The Battle of Mistra bay. Because of an eye injury caused by some gritty sand getting caught in my eye I only did the Tuesday and Wednesday battle, local health centre sorted it but it was a bit of a rough night on Friday. 
This battle was memorable indeed, we marched round a sandy coastal track to the base of a sloping hill that was covered in broken ground, all shrubs, thorns and white ragged rocks, really no gaps between the three and occasional small seams/chasms near the cliff face.. oh did I mention one flank was a cliff dropping into the sea below? 
We started by swinging round and advancing on a building/ditch held by the Maltese and traded a few vollies before a brief charge where I nabbed an enemy hat (which I duely returned). This was repeated and I noticed the fray only went up to a low wall so ran along it to get behind the defenders, who then surrendered.


Rock hopping up the hill whilst trying to remain in formation was interesting. ''staighten the line!' er no, there is two foot hole full of cactus! Half way up it seemed the enemy were finished and many sat in defeat on the rocks. But no, we were off again against a fighting retreat with pot shots against us
from the bluffs.



Then began a long march, the sort that becomes a chore but in retrospect you remember more warmly. I think a twenty minute wait in ranks riled more people as at least whilst moving you think each step is getting you somewhere. Finally, a town square! Civilisation, food, drink, steps to sit on, local music and a conga!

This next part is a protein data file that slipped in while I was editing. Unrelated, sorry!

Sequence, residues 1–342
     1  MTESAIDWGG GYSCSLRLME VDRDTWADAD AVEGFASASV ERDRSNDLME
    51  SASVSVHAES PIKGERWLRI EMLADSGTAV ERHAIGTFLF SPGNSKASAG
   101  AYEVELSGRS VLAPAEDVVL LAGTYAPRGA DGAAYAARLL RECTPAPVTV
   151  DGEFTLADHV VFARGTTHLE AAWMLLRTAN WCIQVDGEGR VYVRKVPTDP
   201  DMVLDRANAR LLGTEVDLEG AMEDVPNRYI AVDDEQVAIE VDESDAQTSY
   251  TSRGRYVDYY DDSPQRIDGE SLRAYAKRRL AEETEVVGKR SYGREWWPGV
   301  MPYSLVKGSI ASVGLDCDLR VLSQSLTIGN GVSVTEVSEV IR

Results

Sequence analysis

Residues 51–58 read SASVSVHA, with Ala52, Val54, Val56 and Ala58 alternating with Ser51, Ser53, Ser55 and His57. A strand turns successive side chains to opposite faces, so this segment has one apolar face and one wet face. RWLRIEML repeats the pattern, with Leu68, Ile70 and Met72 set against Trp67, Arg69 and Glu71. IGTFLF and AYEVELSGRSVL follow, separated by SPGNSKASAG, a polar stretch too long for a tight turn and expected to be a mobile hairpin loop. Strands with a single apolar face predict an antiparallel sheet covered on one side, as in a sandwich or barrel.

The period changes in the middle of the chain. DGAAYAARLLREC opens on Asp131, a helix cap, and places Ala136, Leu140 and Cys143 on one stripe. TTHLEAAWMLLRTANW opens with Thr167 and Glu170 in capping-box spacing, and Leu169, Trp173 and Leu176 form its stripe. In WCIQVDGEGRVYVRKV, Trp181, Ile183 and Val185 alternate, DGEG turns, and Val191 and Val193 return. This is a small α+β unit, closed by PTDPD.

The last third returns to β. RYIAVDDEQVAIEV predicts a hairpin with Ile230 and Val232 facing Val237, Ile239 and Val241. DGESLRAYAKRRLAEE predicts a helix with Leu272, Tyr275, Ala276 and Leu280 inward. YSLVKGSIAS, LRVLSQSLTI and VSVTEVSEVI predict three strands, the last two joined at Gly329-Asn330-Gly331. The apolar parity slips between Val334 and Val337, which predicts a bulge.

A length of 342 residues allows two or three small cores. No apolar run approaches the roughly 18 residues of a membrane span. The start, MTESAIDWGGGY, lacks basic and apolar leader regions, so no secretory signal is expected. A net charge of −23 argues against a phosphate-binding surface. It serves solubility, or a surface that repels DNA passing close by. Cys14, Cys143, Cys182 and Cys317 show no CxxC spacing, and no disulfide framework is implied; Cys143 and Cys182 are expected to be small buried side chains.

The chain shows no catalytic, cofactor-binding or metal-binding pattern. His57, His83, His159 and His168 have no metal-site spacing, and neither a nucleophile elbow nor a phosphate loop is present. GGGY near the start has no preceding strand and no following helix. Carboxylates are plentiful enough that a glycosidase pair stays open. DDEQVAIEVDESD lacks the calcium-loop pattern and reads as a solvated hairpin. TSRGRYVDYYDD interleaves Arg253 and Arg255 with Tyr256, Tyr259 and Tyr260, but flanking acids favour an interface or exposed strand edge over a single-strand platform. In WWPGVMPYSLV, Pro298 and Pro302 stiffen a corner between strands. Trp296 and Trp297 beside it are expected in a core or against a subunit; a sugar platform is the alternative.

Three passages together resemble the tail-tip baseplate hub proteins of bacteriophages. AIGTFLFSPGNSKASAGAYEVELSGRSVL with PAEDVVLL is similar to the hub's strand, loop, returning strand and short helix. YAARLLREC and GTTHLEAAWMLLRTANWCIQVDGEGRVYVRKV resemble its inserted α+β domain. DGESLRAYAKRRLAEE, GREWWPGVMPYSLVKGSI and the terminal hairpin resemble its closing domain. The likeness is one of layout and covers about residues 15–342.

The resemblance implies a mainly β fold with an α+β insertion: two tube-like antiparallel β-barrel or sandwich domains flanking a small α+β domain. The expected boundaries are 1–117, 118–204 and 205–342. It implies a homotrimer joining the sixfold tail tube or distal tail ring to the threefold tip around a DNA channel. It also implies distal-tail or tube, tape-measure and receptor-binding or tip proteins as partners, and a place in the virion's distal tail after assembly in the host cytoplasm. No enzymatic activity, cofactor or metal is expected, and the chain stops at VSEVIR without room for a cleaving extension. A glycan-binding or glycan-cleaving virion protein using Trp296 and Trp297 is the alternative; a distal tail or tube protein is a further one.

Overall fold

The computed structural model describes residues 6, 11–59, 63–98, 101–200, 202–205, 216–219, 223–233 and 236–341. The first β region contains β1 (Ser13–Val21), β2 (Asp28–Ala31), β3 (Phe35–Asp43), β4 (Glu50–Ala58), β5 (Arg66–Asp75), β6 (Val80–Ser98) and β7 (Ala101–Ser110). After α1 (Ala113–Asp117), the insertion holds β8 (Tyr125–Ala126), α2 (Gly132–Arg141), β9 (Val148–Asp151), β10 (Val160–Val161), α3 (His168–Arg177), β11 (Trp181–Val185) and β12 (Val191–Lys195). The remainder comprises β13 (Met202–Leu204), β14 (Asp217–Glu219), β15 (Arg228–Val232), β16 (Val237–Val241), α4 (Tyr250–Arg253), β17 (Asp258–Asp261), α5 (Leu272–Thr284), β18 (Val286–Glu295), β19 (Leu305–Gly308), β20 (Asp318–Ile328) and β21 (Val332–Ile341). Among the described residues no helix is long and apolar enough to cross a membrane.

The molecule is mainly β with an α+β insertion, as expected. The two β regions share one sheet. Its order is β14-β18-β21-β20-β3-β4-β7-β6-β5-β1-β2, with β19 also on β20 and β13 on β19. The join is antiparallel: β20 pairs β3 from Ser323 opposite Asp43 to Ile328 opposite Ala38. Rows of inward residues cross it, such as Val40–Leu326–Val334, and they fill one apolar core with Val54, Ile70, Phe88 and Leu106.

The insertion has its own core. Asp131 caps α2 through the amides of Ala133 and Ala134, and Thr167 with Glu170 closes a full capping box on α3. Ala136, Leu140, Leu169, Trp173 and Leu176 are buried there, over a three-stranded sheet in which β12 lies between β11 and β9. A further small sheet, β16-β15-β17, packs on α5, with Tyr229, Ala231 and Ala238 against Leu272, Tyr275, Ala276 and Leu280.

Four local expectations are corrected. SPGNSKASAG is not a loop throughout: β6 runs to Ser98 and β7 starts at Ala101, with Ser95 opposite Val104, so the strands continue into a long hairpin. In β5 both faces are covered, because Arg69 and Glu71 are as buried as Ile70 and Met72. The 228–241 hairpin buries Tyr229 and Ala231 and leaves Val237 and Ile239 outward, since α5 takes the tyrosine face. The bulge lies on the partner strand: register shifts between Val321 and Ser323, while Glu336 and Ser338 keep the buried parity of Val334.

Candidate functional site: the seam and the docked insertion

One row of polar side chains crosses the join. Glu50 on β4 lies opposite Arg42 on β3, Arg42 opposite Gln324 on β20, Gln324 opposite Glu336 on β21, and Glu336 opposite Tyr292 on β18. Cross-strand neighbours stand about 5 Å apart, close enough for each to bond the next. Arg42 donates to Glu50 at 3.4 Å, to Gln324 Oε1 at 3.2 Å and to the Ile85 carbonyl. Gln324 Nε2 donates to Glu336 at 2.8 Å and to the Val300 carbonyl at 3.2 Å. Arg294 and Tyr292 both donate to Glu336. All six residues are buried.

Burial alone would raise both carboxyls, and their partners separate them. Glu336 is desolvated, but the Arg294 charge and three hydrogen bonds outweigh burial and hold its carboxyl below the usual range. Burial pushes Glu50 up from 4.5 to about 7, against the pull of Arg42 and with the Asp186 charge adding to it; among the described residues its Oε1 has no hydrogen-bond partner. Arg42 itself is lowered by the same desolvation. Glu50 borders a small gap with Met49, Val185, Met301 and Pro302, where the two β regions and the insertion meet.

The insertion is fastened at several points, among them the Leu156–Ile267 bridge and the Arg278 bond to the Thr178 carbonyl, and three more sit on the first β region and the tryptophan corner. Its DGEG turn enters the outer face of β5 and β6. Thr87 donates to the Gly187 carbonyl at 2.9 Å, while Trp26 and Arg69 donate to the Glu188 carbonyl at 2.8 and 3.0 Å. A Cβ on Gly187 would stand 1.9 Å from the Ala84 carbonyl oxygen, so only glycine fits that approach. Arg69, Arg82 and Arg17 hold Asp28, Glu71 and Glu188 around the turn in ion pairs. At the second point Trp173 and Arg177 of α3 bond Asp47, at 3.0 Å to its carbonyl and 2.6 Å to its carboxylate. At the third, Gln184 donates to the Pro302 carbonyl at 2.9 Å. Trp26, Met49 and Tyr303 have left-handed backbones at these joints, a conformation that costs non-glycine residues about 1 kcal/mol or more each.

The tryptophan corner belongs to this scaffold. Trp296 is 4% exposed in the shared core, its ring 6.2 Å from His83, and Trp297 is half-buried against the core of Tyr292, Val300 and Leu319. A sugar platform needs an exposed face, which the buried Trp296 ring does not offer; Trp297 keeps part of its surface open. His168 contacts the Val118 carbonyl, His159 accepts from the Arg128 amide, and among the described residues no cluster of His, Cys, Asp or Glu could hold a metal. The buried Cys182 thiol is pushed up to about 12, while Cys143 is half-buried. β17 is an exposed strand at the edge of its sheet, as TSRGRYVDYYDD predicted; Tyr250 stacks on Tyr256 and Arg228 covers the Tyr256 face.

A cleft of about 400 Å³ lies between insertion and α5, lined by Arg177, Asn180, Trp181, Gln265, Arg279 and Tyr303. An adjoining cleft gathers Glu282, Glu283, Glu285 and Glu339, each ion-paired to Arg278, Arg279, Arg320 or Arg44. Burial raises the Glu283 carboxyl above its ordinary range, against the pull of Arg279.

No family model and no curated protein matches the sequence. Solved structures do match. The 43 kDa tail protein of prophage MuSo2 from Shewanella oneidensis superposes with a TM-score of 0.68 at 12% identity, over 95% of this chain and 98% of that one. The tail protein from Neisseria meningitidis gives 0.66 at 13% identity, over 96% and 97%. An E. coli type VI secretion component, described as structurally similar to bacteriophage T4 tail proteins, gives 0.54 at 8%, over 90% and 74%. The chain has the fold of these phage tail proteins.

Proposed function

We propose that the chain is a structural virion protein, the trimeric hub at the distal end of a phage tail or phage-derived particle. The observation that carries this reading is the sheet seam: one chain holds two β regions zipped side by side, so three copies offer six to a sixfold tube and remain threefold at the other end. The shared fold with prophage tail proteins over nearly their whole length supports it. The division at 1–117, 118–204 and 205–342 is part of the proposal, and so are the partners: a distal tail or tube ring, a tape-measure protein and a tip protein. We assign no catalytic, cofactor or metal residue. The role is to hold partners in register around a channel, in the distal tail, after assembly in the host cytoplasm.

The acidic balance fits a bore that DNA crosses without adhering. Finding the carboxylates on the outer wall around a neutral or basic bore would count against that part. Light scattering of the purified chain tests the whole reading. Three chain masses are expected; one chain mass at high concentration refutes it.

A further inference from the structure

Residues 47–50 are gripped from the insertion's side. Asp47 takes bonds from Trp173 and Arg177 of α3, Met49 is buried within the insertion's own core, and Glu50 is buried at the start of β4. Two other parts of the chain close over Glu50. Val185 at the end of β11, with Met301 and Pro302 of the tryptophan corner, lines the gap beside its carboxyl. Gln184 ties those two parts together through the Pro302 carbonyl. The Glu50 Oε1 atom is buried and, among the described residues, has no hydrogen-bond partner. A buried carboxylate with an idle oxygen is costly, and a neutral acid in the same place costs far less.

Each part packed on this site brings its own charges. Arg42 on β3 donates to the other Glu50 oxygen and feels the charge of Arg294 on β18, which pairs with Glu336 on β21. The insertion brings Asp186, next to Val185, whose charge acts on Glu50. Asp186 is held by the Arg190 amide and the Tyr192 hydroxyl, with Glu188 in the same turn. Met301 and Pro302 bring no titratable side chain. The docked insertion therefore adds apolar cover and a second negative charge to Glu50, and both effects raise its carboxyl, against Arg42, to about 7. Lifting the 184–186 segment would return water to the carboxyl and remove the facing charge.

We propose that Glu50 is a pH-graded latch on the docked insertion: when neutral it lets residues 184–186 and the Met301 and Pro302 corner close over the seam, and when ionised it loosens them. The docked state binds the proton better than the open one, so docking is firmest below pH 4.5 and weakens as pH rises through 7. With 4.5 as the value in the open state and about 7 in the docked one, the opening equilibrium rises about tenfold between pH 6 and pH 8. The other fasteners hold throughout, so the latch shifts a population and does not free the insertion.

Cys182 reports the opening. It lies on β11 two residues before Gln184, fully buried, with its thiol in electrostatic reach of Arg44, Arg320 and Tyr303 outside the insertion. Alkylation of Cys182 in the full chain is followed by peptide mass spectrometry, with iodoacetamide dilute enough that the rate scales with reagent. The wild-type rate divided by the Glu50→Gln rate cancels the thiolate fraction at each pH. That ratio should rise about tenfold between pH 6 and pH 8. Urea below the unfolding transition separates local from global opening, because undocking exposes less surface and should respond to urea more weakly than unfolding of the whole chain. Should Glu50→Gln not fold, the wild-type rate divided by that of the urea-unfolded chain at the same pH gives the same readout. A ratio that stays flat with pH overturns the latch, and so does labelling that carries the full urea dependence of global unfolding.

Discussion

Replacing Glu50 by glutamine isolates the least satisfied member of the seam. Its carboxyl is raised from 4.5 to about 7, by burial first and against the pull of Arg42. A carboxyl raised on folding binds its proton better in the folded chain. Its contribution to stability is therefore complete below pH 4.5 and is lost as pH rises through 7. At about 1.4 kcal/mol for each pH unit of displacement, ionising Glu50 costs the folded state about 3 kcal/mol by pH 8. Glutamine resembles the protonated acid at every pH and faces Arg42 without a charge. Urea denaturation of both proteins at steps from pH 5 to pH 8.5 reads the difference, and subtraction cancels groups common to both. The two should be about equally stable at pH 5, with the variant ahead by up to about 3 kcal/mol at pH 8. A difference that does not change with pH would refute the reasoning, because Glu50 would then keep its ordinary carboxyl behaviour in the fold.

Malta itself. I've never been to Malta before and very much enjoyed it. The architecture is fantastic, sandstone mostly, with balconies, and towers and engravings, and nearly everything is at least three or four floors to maximise space. At almost any time of the day you will hear bells or cannons, dont ask why. Culture seems a blend of the best parts of Italian and English. England of course occupied Malta right up to the last century and red phone boxes, three pin plug sockets, zebra crossings, etc bare this out. Most signs are in English and even I didn't feel bad just speaking it as first language, instead of a token fail at the lingo.



Food involved a lot of bread and pasties, the main source of carbohydrate, when goats cheese, fish and salad seemed another theme. You need stuff to keep you going, I thought I was eating well but lost weight in just a few days.




Cisk (ch-isk) is the local beer and the default if you are not fussy, sorry selective.. to me it had a plastic tang but was tolerable if served very cold. I preferred the Farsons light ales (same company). Kinnie is also a must try, a soft drink of orange and herbs, rather flowery with a hint of dandelion and burdock.




Weather was hot! You can begin a walk feeling fine but after ten minutes get a drop of sweat run down your face, two minutes later you'll be perspiring head to foot.  There was often a cool breeze of the sea and the tall buildings shade the streets.
Public transport is cheap, but the island has a problem with so many cars on a small island, if a ferry is an option go by sea! 


A day with the Royal marines (Czech/German group).

Dawn over the battlements, looking out to sea for over 2000 years.




Conclusion: a great time overall, nice to fight on different terrain Vs a more irregular enemy. Overall felt more like a holiday with friends in hats than a campaign, but then I was signed off for a bit. Would happily go back, I didn't really get to see the local museums, this was a big event, twenty years since the 200th anniversary but smaller events occur every now and then. 
Sitting here now I'd love to just teleport back for a stroll, or a water taxi, into town for a beer, even if it was a Cisk.